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Parking may scuttle PEAK

Chad Coleman/Mercer Island Reporter This artist’s rendering depicts how PEAK may look if completed on 86th Avenue S.E. just north of the school district administration building. Parking issues have stalled the project. -
Chad Coleman/Mercer Island Reporter This artist’s rendering depicts how PEAK may look if completed on 86th Avenue S.E. just north of the school district administration building. Parking issues have stalled the project.
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The long-awaited vote concerning the development agreement between the school district and the city for the Boys & Girls Club’s PEAK project has been delayed. The vote has yet to be rescheduled.

The vote was scheduled before City Council on Monday Feb. 5. Council is seeking amendments to a development agreement reached last June that covered the impervious surfaces development regulations for the project. The amendments have to do with the impacts the project will have on the surrounding neighborhood. The development agreement must be approved before permits can be issued to begin construction.

The amendments would obligate the school district to devise a “demand management plan” for parking that will reduce the number of trips to the campus over time. The school district already imposes some parking management tools, such as encouraging carpooling, and collecting parking fees from students. But Council wants the district to come up with a goal of reduced trips within a certain time frame.

The Boys & Girls Club originally hoped such agreements would have been resolved by last Fall, the club’s executive director Blair Rasmussen said. He was also hoping the amendments would be passed next week so the project could remain on schedule.

City Attorney Londi Lindell said postponing the vote was necessary because the city and school district are still trying to work out a compromise with Council’s requests.

“The item has been pulled from the Feb. 5 meeting because of discussions at the Council retreat,” Lindell said last Friday. “The school board was to have given some information to the city for purposes of finalizing the development agreement and that has not occurred. This will require some additional meetings between City Council representatives and School Board representatives.”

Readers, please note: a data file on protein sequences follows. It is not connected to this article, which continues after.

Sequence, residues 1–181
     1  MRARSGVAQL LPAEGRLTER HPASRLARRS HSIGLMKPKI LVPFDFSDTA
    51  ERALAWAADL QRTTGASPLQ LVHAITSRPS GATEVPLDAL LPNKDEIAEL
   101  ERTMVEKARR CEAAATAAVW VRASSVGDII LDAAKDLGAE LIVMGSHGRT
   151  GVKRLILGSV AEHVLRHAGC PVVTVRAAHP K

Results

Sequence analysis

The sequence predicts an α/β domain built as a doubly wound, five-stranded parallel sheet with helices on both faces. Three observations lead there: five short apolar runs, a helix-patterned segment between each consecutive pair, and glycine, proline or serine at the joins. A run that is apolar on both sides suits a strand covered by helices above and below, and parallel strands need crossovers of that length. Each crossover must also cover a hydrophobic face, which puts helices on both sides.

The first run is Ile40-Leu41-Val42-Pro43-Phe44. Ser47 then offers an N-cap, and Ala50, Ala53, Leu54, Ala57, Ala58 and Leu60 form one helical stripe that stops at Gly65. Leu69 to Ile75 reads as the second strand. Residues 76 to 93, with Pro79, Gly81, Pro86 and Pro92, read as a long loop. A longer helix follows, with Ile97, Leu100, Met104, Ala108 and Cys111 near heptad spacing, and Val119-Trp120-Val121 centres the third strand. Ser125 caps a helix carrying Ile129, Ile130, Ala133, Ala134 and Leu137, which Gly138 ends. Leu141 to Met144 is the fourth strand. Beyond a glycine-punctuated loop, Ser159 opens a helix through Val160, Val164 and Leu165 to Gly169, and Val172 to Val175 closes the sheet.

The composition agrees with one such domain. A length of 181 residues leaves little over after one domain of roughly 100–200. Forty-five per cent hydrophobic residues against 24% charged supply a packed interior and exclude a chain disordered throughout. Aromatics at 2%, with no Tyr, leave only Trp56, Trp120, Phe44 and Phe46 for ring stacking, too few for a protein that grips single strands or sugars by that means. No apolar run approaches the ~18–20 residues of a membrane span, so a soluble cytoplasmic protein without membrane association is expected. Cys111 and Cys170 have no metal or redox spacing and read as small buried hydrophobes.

City Council member Jim Pearman said Council is essentially asking the district to come up with a plan to resolve parking problems, such as spill-over parking during school hours, before it votes to approve the development agreement.

According to Rasmussen, it is possible the Boys and Girls Club of King County, the parent organization that largely responsible for funding the project, would not want to continue with the project if an agreement cannot be reached . But Daniel Johnson, the CEO of the county-level organization, said the club is confident an agreement will be reached but in the event that one is not, the county board of directors will evaluate its options at that time. If the agreement is reached soon, construction may begin as soon as late July and on schedule, Rasmussen said.

At the Council retreat two weeks ago, Council was concerned that the school district disagreed with and refused to accept their terms to resolve the parking situation.

“The issues outstanding all have to do with parking to ensure that the high school campus with the addition of the PEAK facility will not have an adverse impact on the surrounding neighborhoods and traffic with spill over parking,” Lindell said.

“The message we sent is that we are not going to go forward unless there is a meaningful commitment to reduce the number of trips going to that area,” Council member Dan Grausz said at the retreat.

Residents near the high school are concerned the new facility will add more traffic to their neighborhood. Many have stated that the area is already plagued with traffic and parking problems because of the district campus and high school.

In December, the city hosted a town meeting to propose a residential parking zone or expand the current restricted zone, but neither option was favored by residents. According to the tally published by the city, most residents did not want any changes to the current restrictions instead wanted their rights to park in front of their own homes without restrictions, reinstated.

Council has not however, given the school district the parameters on the limits on traffic and parking that they wish to see.

“The district recognizes that there’s a need,” Associate Superintendent of Business Services Liz Dodd said of the parking plan. “We just can’t do it in a couple weeks, or even a couple months.”

“We would do it ourselves. It’s something we’ve been aware of that’s needed to be done and it’s a need beyond PEAK. We don’t see the two (PEAK and the demand management plan) tied together at all. It’s something that needs to be done whether PEAK goes in or not. We’ve been living on this campus for years without it.”

Resolving the parking issue is the latest hurdle for the PEAK project. Earlier in the planning process, the Boys and Girls club decided to drop its daycare service. The district, however, insisted that the club provide the space for daycare at the new site as it has at the current site, and it was added back into the plans.

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